Bristol Green Party

Where should socialists put their energy in 2023? This is a question facing many on the left.

There are some obvious answers. The wave of industrial militancy that has swept across the country has necessitated a solidarity movement alongside it. Campaign groups like Enough is Enough have provided a space for people to begin organising for the economic transformations the country needs. With the climate crisis getting ever more urgent and a socialist solution to it ever more necessary – leftists have an important role to play within the climate movement. 

These are all vital movements for the left to be organising within. But most socialists accept that while the collective struggle of social movements and of organised labour are crucial to building a new society, these movements also need a political expression. They need a political organisation able to fight elections, assume political office and – ultimately – wield state power. Since Keir Starmer’s ascension to the top of his party, it is abundantly clear that political expression will not and cannot come from Labour.

Instead, it must come from elsewhere. For a growing number of people – including more than a dozen left wing ex-Labour Councillors, Jeremy Corbyn’s former spokesperson, and outriders and influencers of the Corbyn era – that political expression of the tsunami of rebellion sweeping across the country, the political expression of socialism, will come through the Green Party. 

In light of that, our editor Chris Jarvis is writing a weekly column setting out why disaffected socialists should join the Green Party.

The Greens are the only left part with a record of winning

There are three convincing arguments for socialists joining or staying in the Labour Party.

The first is the formal link between the trade union movement and Labour. We’ve partially dealt with this in an earlier article in the series – and it will be dealt with it further in future pieces.

The second is that the Labour Party is reformable from within. The argument being that it can be transformed from what Tony Benn described as a party with socialists in it into a socialist party. Last week, we tackled this point by looking at how the Labour Party’s anti-democratic nature precludes this.

But those two arguments only need tackling if we deal with the third argument. That is, the electoral system in the UK. The narrative is as follows: under first past the post, there is no prospect of electoral success for any party to the left of Labour. The practical realities of the electoral system mean that if you wish to transform society through a political party, the only vehicle through which to do it is Labour. No party to Labour’s left has ever won more than a couple of parliamentary seats. The Communist Party of Great Britain managed to win two in 1945. The Green Party has only ever won one. RESPECT got George Galloway elected in two different constituencies, but never won another seat. The SNP and Plaid Cymru have won more but aren’t seeking to secure a position in the UK government. Every other party to the left of Labour – from TUSC to the Socialist Labour Party and from Left Unity to the array of Trotskyist groups – has never managed to gain representation in parliament. Time and time again, we’ve seen left electoral projects fail, giving further evidence that the cut-throat, winner-takes-all electoral system is one of the strongest barriers to a more radical left party securing influence in parliament.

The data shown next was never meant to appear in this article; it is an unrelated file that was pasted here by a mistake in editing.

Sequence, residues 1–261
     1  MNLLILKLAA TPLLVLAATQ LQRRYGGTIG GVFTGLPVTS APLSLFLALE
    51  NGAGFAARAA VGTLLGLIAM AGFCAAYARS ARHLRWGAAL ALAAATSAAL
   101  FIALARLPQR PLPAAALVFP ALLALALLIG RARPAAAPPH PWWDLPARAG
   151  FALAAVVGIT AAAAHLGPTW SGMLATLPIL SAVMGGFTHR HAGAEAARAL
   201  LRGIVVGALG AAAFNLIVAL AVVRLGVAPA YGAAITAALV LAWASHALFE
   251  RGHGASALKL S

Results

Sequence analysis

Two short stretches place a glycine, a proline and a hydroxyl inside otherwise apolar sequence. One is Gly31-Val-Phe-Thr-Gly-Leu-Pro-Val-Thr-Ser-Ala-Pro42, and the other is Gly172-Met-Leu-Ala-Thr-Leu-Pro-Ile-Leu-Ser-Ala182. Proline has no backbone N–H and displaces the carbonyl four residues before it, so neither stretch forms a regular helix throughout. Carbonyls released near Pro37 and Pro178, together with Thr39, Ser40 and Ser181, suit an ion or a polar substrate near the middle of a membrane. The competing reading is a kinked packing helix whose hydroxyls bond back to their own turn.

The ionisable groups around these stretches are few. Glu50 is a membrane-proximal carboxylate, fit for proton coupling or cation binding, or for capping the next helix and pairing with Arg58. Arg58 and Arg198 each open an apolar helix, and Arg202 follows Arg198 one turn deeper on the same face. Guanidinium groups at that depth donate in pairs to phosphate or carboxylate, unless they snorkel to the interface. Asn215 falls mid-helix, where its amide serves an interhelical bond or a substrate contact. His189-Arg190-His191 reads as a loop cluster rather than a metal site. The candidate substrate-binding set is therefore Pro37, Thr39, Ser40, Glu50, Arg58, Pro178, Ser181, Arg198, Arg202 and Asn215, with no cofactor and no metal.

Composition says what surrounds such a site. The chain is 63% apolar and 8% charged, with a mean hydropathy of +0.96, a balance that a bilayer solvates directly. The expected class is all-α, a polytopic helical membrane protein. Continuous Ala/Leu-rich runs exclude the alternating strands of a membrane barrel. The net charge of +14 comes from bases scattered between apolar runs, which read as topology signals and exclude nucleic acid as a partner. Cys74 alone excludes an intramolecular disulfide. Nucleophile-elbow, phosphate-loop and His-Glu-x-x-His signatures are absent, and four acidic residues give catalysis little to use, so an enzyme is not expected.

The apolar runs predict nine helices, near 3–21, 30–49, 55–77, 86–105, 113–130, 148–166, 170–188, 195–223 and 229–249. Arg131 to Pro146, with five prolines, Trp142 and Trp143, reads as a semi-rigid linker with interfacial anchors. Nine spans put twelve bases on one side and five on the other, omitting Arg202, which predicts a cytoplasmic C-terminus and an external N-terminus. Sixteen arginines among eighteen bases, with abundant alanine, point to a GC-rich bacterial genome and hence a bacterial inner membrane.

The argument is compelling, and it is undoubtedly true that we need urgent and fundamental democratic reform. But increasingly, the argument no longer applies to the Greens. Outside of Westminster, the Green Party of England and Wales has secured electoral success well beyond that of any party to Labour’s left active in England.

In London’s proportional elections to the Assembly, the Greens have had between two and three seats for the entire history of the body. While UKIP and the BNP both briefly broke onto the Assembly, no other left party has.

And when it comes to first past the post elections, the Greens have also shown they can win. After unprecedented gains in the 2019 local elections, followed by similar major successes in 2021 and 2022, the Green Party now has over 500 Councillors across England and Wales. Confidence of gaining more soon is also high. No party outside of the big three – Labour, the Lib Dems and the Tories – have ever had this many seats, not even UKIP at their peak. With that success has come genuine power, with the Greens in administration in Councils across the country.

And in Westminster too, the Greens have a real chance of breaking through in the future. An increasingly professionalised election machine that has paid dividends in local elections is being applied to a number of target parliamentary constituencies too. Most obviously, this is the case in Bristol, where the party’s co-leader Carla Denyer has high hopes of becoming the Greens’ second ever MP. But it also happening elsewhere, where there is a very real prospect of more Greens being elected to the House of Commons in the next two election cycles.

In light of Keir Starmer dragging Labour to the right, and in light of the fact that no other socialist electoral project having secured any real representation at any level of government, it’s clear that there’s only one left alternative with a track record of winning seats, of obtaining power and of delivering change when in office. That alternative is the Green Party.

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Image credit: Jon Craig – Creative Commons